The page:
Published in the opinion page, as a member of the Community Advisory Board of the Holland Sentinel, the newspaper of Holland Sentinel.
Last Friday I enjoyed the privilege of taking the 2011 Advanced Placement U.S. History examination. Serenaded by the pounding drum line and blaring trumpets of the Holland High School marching band, I frantically shaded in lettered ovals to regurgitate my knowledge of America’s past and then dashed off three essays, taking care to pick arguments that could be defended simply and concisely.
My mission: to weasel in as many points as possible so that the College Board’s all-important scoring formula might deem me a bona fide student of U.S. history. This was a chance to prove myself.
Yet amidst the focus on one standardized, official assessment, I cannot help but feel a hollowness. On my AP U.S. history exam — and indeed all standardized exams — we test-takers work solely toward a score, a result that requires minimal consideration of the meaning and impact of the knowledge being tested. For too many, I think, this makes history a dull drill, a monotonous marathon of textbook-reading and text-based test-taking too abstract to connect to real life. History becomes a game for professors.
The issue as I see it stems largely from study methods. Today, preparation for standardized test relies on “study guides” — books designed strictly to succinctly convey information and tactics for a given exam. An AP U.S. history guide that I borrowed, for instance, provides two practice examinations, outlines “correct” answers to common essay prompts, lists 675 key terms, and blazes through five centuries of American history in 91 packed pages.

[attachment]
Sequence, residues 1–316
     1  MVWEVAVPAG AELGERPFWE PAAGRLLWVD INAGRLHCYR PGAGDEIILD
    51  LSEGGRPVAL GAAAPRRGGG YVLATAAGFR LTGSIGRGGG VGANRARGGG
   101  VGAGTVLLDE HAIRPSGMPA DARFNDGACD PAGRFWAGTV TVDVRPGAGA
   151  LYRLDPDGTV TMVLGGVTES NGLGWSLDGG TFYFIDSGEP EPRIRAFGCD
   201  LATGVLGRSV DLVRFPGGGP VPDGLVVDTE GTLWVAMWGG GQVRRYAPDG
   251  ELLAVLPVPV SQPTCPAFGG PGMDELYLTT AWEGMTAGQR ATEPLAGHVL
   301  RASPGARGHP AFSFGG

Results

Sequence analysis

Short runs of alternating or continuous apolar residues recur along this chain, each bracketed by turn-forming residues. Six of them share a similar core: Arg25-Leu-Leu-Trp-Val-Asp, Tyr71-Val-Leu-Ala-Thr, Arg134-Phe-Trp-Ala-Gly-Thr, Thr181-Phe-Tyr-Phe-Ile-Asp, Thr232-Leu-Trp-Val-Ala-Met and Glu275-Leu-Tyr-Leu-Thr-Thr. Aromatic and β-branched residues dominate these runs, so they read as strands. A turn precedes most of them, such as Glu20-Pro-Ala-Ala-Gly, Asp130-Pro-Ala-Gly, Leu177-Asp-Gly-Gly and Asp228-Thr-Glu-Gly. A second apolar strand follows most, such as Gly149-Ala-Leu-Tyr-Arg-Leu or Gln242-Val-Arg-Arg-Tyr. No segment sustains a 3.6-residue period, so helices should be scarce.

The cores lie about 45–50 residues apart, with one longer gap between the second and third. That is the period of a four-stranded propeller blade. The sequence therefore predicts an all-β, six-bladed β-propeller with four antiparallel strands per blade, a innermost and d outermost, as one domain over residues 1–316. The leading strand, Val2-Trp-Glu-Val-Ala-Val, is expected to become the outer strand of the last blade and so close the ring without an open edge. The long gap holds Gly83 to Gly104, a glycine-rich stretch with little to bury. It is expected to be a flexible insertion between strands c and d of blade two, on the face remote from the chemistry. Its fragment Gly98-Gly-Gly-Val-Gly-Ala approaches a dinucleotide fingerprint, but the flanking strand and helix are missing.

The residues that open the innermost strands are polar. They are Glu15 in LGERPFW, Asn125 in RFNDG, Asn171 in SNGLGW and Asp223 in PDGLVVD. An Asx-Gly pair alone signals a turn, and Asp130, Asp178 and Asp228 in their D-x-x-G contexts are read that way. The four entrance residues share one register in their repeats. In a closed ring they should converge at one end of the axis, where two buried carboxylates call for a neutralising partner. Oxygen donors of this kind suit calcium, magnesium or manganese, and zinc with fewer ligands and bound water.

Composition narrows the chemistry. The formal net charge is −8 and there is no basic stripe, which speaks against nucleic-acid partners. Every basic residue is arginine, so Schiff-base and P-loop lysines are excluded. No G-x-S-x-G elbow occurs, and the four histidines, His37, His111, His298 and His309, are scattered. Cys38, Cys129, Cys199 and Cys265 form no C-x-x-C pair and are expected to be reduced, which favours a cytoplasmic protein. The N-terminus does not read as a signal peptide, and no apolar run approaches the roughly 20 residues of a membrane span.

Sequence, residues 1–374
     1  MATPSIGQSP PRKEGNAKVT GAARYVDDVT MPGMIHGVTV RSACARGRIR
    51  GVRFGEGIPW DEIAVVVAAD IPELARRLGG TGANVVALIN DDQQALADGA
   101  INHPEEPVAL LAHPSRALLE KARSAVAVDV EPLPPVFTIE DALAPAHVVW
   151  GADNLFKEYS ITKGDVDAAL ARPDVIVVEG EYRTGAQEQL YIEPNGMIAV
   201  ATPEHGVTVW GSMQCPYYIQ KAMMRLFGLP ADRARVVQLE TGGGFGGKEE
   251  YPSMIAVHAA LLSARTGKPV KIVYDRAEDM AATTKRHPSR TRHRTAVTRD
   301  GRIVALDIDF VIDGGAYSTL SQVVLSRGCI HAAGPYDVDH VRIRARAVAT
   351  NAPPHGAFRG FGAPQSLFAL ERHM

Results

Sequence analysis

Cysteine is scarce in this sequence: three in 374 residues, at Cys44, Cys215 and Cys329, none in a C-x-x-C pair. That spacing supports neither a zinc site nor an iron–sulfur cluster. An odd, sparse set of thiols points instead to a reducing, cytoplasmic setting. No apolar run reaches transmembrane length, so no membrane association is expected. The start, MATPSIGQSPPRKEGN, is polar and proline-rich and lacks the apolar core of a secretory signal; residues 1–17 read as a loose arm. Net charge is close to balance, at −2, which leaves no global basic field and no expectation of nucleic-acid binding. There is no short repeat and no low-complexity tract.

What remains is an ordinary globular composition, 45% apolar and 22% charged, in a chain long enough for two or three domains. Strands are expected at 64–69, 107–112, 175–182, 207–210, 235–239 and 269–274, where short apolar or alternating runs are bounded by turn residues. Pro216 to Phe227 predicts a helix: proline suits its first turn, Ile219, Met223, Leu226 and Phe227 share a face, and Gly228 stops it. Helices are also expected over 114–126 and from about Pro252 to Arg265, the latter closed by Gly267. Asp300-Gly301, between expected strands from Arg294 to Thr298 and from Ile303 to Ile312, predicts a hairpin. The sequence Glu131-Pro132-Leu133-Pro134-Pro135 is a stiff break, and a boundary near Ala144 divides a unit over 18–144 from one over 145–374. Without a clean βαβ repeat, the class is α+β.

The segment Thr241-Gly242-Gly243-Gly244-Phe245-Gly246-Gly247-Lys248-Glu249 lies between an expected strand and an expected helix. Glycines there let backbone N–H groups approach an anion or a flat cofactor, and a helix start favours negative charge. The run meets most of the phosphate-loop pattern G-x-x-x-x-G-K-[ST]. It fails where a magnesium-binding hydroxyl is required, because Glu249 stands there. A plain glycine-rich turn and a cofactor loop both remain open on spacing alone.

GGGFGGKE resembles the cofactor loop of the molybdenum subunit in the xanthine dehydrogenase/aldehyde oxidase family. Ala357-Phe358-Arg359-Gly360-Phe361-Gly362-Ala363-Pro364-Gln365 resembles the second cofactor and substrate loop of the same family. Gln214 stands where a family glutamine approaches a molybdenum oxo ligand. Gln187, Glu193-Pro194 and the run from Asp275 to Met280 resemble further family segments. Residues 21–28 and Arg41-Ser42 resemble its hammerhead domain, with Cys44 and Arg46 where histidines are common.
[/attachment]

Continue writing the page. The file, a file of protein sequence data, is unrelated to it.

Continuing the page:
To be sure, one could hardly find a more efficient way to achieve a top score, but does drilling through hundreds of terms, names and dates really foster any interest in the subject matter? Details and difficulties and debate — in short, all that makes history fascinating — are nice, but of course cannot be included in an ultra-condensed telling of half a millennium of culture, economy and politics. And so history becomes flat, a string of facts that has created the present and yet seems little more than a long tale about a bunch of long-winded dead people who wrote with quills and posed for portraits.
Such test preparation is, of course, only intended to cement what’s been learned over the course of a year. But given that a year’s effort is evaluated in a single three-hour test, one cannot be surprised that these narrow regimens frequently become a principal driver of study. So emerges the true tragedy of testing — that in an effort to judge uniformly and fairly and economically, we cleanse history of its impurities, contradictions and ironies, which cannot be explained in a 1,000-page book, much less a 35-minute free-response essay. History emerges processed, packaged and pointless.
Do alternatives exist? I propose one antidote.
In my experience, little makes history more engaging and worthwhile than self-guided exploration of a topic. “Research” sounds frightening and can indeed easily drown one in a sea of complex papers, detailed books and massive archives that require hours to sort through. That said, I’ve found in each of my year-long National History Day research projects an epiphany of sorts, a realization born of a mess of information — knowledge about a topic’s facts, personalities, opinions, reactions and more — that aligns abstract points into a unified idea; a trend, movement, or pattern that connects the past with the present. History becomes a study that sparks wider thinking, a passion that will keep me engaged long after I seal my test and receive my scores.
This, I believe, is what history is meant to be — intriguing and insightful, a guide to the chaos and contradiction of our little planet. This is history worth the work.
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